4-10 August 2017 #870

Federalism in jeopardy

Iain Payne And Binayak Basnyat
Two years after Nepal’s 2015 Constitution established federalism, the country is now challenged with how to operationalise the federal structure. The latest fault line is the way in which revenue will be shared among local, provincial and central governments.

In Nepal’s federal structure, power is assigned to three governments — local, provincial and central — each of which has autonomy to raise and spend revenue. However, the legislative framework for the assignment of revenue was not put in place prior to local government elections, which has resulted in a confusing mixture of claims and counterclaims emanating from old and emergent power centres. Consequently, continued progress in successful implementation of the federal provisions of the 2015 Constitution is in jeopardy.

The Natural Resources and Fiscal Commission Bill and the Inter-Governmental Fiscal Transfer Bill were tabled in parliament on 7 July. These are crucial for the management of public finance in the federal structure, overseeing revenue distribution among the three governments. However, the bills give the central government an increased share of the proceeds of national revenue collection, at the expense of local governments.

After strong public criticism, lawmakers are now trying to amend the Inter-Governmental Fiscal Transfer Bill, which will regulate the distribution of resources between local, provincial and central governments. Reducing local government’s share of the revenue generated from hydropower and natural resources may seem insignificant in the context of the nation’s total income but in 2016-2017 royalties from mining, hydropower and forestry accounted for less than 0.5% of central revenue collections. In the grand scheme of things, these royalties may not prove to be significant for local budgets, which can be subsidised by central grants. What is significant is the way in which these latest developments demonstrate yet another barrier put up by centrist forces to maintain the status quo and derail attempts to share power beyond Kathmandu.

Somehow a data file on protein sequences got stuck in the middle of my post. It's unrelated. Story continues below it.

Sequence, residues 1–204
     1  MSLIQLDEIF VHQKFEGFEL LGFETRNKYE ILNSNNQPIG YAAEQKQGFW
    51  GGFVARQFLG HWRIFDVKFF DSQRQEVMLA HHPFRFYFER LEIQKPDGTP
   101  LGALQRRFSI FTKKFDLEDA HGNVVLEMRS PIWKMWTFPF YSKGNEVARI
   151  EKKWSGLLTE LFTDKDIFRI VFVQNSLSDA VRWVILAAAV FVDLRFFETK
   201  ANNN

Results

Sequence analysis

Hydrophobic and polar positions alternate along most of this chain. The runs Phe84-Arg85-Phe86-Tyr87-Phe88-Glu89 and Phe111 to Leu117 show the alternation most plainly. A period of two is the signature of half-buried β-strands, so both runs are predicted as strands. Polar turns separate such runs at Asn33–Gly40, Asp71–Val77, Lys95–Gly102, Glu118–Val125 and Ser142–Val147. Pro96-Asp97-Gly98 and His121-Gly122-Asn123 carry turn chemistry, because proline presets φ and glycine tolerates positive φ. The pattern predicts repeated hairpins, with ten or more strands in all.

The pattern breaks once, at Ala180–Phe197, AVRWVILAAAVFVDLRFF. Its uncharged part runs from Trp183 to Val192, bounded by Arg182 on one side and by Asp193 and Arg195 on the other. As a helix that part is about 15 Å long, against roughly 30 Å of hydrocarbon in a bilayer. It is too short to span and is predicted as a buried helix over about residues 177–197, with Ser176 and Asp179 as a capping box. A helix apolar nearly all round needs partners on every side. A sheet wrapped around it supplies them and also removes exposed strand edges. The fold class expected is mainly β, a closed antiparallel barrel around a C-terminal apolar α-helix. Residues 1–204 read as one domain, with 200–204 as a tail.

With successful local elections after two decades in six of the country’s seven provinces, hopes are high that local governments will deliver on their mandates.However to do this, local governments must not only be politically empowered but also be sufficiently resourced. Autonomy only comes when local governments are able to raise their own revenue and set their own budgets.

Under the Constitution, the central government retains all major revenue sources such as income taxes and VAT. Provincial and local governments are assigned comparatively low-yielding revenue sources such as property and vehicle taxes. Where subnational governance systems are required to be built from the ground up, and revenue-raising potential vary greatly from province to province, this design is appropriate. Local governments should not be expected to raise most of their own revenue. Gaps will need to be filled by intergovernmental fiscal transfers. This in itself is not a cause for alarm, but what should concern us is that political forces in Kathmandu once again are manipulating legislation to prevent the sharing of power.

Iain Payne is a Colombo Plan Nepal Fellow and Binayak Basnyat is a program associate at The Asia Foundation in Kathmandu.

A longer version of this piece is in the In Asia blog:


Read also:


Power without paisa, Om Astha Rai

Functions without finance, Guest Editorial

Devolution revolution, Editorial

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